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Old
07-28-2010, 09:35 PM
  #1
ColePens
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A thought about the system...

So I've been away from the internet for a couple weeks as we were getting Fios in the house (whooole disaster in it's own) and w/ that time, obviously, I sit at home and sit in a dark room with an old film projector and chalk board and draw up hockey forechecks. It got me thinking about something that could really benefit this team next season.

You guys know I ***** and ***** about wanting to see a 2-3 forecheck and a simple north/south game, but how about we do the exact opposite and sit back in a 1-4? I really think that would complement the roster we currently have.

We are looking strong defensively and I believe Fleury will have an above year. What is a way we can complement our defensive game while still giving us a chance to attack offensively? Well.. simple, it's an offensive 1-4 forecheck. An offensive 1-4 forecheck? I know.. that sounds like a complete contradiction. Here is how it runs:

Our first guy doesn't forecheck past the bottom of the circles and all he does is let the opposing defender come out and pick a strong side. Our 4 stagger in a box (inside the dots) right at the blueline and our defense not too far off in the redline. As soon as the first forechecker forces the play to a strong side board, we attack. Our first forechecker comes back to the middle of the ice and will support our defense. Simply put - we cut off the middle of the ice in the neutral zone and we force teams to either dump the puck in (we will own puck possession) or try to skate through us. That gives us two options to counter attack.

So to get a visual - it's just a box + 1 defensive forecheck based on reaction as opposed to forceful pressure. The offensive game is implemented by a north/south transition when we create a turnover or regroup in our defensive zone and break back out. The key word is transition. We have to attack north/south as a team when we get the puck. That applies all the pressure right back on the opposition.

Where does the offense jump in? Well, once again, this is all about transition. We are a young, explosive team and don't have the best wingers w/ natural goal scoring ability. What they do have, however, is tenacity and a will to want to play hard. If we counter, we will forcefully make the opposing team be on their heels. If we don't get a good scoring chance, we have momentum to cycle and play our game anyway. These guys could thrive off forcing opposing defenses on their heels.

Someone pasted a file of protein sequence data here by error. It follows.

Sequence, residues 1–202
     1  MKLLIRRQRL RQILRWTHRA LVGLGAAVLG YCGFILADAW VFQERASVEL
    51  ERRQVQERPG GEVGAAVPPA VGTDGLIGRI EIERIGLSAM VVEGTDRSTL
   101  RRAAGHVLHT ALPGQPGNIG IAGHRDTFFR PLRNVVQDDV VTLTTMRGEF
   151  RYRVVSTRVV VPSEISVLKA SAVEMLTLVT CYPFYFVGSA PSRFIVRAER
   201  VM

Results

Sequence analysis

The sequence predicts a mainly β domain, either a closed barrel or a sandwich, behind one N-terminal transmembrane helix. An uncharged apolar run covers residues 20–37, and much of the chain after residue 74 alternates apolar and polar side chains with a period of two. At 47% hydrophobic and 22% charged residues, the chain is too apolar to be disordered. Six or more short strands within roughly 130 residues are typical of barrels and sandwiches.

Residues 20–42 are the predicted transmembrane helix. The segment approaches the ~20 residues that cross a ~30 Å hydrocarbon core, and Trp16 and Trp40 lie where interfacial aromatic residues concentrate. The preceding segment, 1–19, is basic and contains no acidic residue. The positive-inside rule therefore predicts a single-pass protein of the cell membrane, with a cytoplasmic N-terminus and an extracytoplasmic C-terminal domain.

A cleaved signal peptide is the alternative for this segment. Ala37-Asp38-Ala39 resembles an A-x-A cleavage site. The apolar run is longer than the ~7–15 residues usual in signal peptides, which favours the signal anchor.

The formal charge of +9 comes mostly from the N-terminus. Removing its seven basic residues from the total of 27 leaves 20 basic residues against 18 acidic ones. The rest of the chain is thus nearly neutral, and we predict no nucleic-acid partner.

Every single turnover has to result in a north/south transition game w/ our defense jumping in. That type of system will make defense turn into offense. That seems to be the team we have and we could really thrive off of that style.


Pros
+ It helps our defensive game which we built by free agency signings
+ It helps Fleury get some help throughout the game
+ We stay fresh for the 3rd period instead of always chasing up/down the ice in a 2-3.
+ The system supports our overall roster


Cons
- If we are lazy, then it turns into a trap and that doesn't benefit our explosive forwards.
- Teams can trap back and turn it into a boring game of dump/chase. Then it becomes a chess game of who blinks first.
- Games against the Devils will be boring as **** and will most likely end 1-0 in a shootout.
- Patience is needed in this type of system and could lead to the players thinking too much instead of just reacting and playing the game.



What do you guys think? Would you prefer a 2-3 style forecheck, a 1-2-2 forecheck, or this 1-4? If it's neither...come up with your own and post it!

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07-28-2010, 09:50 PM
  #2
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While a 1-4 would help the forwards, I don't think the current defense corps is built for it. With seemingly everyone locked up for the foreseeable future, I'd be kind of iffy to it.

Even a 1-4 would force teams to dump it in, it also allows them to gain a decent amount of speed entering the zone. Honestly, I want to limit the physicality on our defensemen more than anything. I'd rather they hit they be hit. With the way both size and speed in the NHL have improved, I think the 1-4 is a thing of the past. Goalie puckhandling rules haven't helped.

Edit: I'll add that this is actually a really good discussion and if I wasn't swamped with work, I'd probably write something a little more substantial. Yikes.